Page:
Feminism has long been incorporating economic issues into its agenda. This is evident from the pioneering work of those who analysed the gender dimension in development debates1, to the pioneering voices from the Global South that pointed out the risks of the marketisation of governance (Taylor 2000), to the current discussions on the challenges that global financial capitalism imposes on any political programme for equality and justice (Benería et al. 2016; Sibeko 2019, 2023; Simeoni 20212). A current discussion in feminism pertains to the different possible mechanisms for financing development. The notion of financing for development refers to the mobilisation of resources that allow two issues to be addressed simultaneously: to provide for the economic and social needs that will improve the material living conditions of the population and to create the necessary structures for lasting and sustainable economic development.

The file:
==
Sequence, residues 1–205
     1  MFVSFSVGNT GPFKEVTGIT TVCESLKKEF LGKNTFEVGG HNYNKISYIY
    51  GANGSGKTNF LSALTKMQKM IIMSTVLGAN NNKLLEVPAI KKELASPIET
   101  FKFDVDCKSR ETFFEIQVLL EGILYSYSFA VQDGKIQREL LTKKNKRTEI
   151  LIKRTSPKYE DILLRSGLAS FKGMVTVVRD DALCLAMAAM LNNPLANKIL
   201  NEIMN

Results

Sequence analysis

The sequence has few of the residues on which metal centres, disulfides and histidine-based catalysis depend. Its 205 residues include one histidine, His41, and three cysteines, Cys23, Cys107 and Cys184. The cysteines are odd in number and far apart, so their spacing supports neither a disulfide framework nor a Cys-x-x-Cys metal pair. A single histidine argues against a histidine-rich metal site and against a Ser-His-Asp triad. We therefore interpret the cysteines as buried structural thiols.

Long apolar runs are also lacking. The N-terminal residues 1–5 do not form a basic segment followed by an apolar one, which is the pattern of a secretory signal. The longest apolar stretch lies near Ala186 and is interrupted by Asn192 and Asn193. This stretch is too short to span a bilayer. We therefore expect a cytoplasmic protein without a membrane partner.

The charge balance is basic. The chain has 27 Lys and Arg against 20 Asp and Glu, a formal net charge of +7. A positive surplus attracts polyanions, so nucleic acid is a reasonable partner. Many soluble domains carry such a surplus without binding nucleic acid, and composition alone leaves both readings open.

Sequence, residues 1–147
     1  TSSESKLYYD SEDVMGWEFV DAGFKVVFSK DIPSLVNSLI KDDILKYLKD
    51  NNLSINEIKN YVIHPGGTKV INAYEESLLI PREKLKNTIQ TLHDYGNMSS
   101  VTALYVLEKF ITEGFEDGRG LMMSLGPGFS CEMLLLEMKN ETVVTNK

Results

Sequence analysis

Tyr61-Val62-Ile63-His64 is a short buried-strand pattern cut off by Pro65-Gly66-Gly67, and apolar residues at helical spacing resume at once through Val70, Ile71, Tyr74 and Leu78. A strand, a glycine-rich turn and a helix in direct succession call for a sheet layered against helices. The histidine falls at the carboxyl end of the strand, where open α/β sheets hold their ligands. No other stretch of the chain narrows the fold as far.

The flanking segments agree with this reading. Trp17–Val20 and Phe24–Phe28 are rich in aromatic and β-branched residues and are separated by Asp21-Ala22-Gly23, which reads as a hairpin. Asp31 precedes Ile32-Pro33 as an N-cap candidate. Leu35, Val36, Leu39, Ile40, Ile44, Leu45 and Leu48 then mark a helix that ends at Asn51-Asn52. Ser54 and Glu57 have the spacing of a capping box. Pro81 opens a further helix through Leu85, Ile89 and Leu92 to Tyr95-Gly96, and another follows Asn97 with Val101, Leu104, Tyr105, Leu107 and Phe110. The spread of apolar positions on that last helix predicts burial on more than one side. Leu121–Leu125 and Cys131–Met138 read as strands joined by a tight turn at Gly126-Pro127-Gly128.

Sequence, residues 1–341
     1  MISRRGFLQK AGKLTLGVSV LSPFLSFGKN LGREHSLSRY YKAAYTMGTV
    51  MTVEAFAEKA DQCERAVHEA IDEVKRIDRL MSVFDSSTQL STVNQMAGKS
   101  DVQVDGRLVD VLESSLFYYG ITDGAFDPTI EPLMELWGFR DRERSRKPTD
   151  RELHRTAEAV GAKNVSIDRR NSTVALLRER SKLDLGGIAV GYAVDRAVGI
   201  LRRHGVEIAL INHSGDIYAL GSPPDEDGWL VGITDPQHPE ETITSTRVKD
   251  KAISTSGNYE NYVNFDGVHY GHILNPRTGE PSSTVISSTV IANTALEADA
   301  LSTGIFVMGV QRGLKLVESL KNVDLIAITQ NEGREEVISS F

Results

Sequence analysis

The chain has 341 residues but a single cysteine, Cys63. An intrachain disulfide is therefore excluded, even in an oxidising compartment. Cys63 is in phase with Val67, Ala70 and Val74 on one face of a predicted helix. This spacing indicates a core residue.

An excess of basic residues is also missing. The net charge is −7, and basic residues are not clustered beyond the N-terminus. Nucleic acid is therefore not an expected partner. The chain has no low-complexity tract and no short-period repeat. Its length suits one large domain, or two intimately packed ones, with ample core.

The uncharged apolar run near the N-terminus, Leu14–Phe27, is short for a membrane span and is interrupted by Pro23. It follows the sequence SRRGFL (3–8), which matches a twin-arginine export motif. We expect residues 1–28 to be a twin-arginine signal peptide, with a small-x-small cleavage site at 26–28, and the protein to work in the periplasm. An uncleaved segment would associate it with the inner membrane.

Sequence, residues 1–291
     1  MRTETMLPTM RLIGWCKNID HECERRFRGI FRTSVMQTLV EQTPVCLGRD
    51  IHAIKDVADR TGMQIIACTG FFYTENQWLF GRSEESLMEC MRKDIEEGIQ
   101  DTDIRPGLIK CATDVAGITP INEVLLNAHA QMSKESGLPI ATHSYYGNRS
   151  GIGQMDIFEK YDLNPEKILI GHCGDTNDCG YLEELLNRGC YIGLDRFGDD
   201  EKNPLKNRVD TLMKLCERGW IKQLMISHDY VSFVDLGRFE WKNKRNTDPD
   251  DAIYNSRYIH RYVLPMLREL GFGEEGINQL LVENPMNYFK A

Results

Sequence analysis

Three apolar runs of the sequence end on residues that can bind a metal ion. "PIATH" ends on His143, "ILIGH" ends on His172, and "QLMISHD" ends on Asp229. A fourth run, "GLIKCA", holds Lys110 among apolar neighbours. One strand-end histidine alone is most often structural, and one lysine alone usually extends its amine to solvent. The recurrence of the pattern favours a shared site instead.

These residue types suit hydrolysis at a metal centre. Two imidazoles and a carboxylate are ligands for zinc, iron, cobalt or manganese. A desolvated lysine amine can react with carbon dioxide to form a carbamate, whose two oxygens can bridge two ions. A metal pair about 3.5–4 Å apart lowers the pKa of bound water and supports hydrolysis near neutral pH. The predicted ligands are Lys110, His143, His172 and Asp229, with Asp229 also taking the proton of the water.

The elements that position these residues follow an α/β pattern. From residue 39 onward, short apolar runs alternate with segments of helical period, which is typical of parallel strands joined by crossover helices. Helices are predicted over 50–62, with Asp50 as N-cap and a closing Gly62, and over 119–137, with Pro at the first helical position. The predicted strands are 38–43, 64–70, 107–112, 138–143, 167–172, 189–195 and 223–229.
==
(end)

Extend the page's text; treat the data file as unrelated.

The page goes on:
The sources for financing development can be multiple, including public and private, domestic and international, direct investment and borrowing. The mix of sources that determine the possibilities for financing economic development depend on the political orientation of decision-makers, the dominant narratives, the concrete possibilities of having resources and/or attracting investments, and the perspectives and the possibilities offered by the various economic, social and political structures of the countries (AWID 2014).
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